Workers deserve the best possible protection when they are on the job, especially when their employment is potentially hazardous like construction or emergency services. But if employers had to be prepared to pay medical expenses on their own, few small- or medium-sized businesses would survive an accident or two.
Pain and injury on the job is one of the most terrifying situations that a lot of workers could face. Many government regulations, including all of the ones enforced by the U.S. Occupational Safety and Health Administration (OSHA), and several individual procedures used by companies are there simply to keep workers safe and stop them worrying about their safety.
When people are hurt on the job in Ohio, they have a lot of options to help them recover from it. Minor injuries may require a trip to the doctor, and many employers offer a health insurance option that may pay or defray the cost for medical care. But serious injuries that are related to work may be covered by workers' compensation claims.
Those who have worked for any length of time already know that workers' compensation provides financial benefits after a work injury. The existence of the program gives Ohio workers comfort because they know that help is available in the wake of an on-the-job injury. However, knowing about workers' compensation is not the same as understanding how it works.
In truth, it is not dwarf benefits; it is DWRF benefits and it can make all the difference for Ohio workers brought down by a workplace injury. An acronym for Disabled Workers' Relief Fund, DWRF can supplement your workers' compensation benefits if an on-the-job injury results in a permanent disability. It can also supplement Social Security Disability (SSD) payments as well.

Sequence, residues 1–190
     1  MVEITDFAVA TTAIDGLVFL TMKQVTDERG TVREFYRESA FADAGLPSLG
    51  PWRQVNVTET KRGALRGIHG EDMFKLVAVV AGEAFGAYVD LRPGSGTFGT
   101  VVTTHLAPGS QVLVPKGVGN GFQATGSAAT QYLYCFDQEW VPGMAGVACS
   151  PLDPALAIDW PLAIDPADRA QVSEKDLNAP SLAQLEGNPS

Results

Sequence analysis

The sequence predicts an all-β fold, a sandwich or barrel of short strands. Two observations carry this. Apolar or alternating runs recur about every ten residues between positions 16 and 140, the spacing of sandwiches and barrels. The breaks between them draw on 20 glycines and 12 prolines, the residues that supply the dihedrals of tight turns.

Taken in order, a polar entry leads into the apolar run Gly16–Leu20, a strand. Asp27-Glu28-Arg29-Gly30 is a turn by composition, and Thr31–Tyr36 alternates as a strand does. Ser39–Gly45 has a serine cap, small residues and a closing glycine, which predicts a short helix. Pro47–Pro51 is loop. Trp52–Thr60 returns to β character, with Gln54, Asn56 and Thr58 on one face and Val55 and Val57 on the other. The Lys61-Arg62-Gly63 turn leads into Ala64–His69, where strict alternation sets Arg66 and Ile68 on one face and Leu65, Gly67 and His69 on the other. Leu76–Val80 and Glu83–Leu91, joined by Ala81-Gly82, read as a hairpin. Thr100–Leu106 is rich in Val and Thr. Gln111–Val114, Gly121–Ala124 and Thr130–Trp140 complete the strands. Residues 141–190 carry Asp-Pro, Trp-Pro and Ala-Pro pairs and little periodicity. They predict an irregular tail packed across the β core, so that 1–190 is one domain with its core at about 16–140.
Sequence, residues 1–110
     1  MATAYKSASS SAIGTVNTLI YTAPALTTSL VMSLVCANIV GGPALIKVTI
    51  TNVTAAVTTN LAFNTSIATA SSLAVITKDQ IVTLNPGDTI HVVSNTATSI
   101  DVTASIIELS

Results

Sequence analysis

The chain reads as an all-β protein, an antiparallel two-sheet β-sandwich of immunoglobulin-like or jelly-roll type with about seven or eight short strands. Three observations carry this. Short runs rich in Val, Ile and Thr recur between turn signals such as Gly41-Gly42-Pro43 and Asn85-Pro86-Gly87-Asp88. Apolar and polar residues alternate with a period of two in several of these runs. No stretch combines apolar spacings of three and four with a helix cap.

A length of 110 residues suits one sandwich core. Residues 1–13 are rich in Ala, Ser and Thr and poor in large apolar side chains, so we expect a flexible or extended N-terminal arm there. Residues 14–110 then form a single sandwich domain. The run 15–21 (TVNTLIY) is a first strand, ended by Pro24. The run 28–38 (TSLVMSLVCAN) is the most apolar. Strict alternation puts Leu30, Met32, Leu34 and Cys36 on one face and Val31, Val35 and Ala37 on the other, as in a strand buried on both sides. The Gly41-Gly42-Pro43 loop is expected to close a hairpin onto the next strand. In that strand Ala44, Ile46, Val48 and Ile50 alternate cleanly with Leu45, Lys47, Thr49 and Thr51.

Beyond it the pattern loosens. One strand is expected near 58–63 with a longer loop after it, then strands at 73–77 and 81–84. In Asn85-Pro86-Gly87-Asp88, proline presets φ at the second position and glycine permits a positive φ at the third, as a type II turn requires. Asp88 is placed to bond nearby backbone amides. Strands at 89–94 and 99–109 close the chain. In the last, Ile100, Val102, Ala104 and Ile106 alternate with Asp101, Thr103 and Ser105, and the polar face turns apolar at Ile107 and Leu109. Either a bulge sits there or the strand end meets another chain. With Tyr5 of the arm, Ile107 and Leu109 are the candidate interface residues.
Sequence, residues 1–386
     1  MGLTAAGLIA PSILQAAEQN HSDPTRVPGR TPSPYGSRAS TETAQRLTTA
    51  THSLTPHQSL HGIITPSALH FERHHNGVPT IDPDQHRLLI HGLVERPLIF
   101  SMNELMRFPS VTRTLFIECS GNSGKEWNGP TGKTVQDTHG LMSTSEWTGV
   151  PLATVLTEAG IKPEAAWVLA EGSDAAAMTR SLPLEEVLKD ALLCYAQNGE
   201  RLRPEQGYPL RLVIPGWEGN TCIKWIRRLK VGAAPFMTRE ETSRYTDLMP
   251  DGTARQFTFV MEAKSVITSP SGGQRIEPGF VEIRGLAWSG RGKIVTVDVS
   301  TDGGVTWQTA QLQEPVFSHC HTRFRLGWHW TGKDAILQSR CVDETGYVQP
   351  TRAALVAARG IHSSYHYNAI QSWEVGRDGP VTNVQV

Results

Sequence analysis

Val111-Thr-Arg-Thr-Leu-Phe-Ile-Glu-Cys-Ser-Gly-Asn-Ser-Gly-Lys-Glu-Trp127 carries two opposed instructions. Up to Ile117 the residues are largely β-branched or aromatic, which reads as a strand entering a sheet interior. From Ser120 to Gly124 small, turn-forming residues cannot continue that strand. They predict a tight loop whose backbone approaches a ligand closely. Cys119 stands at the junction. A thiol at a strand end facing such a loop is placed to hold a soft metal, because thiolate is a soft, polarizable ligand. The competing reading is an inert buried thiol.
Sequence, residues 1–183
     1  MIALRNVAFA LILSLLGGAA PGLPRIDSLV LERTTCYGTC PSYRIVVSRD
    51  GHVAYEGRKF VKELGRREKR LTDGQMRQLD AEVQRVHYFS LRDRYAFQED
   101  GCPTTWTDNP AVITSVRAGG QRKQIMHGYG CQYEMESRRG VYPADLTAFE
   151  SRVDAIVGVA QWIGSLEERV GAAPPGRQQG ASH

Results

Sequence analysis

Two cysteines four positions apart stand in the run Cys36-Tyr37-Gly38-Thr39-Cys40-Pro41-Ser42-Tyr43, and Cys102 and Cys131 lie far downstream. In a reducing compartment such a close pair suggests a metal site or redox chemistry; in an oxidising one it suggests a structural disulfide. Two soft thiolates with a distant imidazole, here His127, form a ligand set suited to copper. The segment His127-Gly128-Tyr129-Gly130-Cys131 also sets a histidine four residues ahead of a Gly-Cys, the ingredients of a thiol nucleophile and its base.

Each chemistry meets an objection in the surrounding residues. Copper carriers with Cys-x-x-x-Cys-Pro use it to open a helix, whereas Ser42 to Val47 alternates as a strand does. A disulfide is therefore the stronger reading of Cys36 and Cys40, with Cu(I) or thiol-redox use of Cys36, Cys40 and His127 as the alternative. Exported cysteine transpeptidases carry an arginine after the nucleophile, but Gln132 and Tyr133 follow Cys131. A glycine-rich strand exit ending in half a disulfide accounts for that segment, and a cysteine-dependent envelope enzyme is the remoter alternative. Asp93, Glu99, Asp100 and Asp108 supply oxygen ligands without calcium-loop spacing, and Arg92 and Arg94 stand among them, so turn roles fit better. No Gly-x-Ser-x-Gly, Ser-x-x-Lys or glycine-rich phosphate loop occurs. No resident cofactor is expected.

Black lung disease, or pneumoconiosis, sounds like an illness that plagued victims in a long lost era. While it is true that this pulmonary condition is ancient, it is still harming far too many Ohio coal miners.
According to a report, about 117,000 members of the Ohio workforce suffered an injury or illness in 2017 due to workplace hazards. This level of occupational injury highlights how necessary the state's workers' compensation program is to employees. Workers rely on these benefits to fill the gap when an illness or injury takes them away from their jobs.
As you no doubt are aware, working for a living can sometimes be hazardous to your health and well-being. From workplace accidents to dangerous chemical exposure, nearly all work opportunities come with at least some amount of risk. The workers' compensation program exists to protect employees against the financial hardships that accompany a work injury or illness. Some of these benefits include:
Workplace accidents typically result in only minor injuries. Unfortunately, sometimes these incidents leave a worker suffering from total disability. In some cases, the disability may be permanent, but in many others, injured workers will recover enough to return to work.
Of all the health risks present in a workplace, exposure to toxic substances is perhaps the most insidious. In many cases, workers cannot even see these substances, making it difficult to protect themselves from exposure. Further, unbeknownst to workers, toxic hazards exist in many industries -- even those that may seem very safe. Following is a partial list of substances that could cause health problems.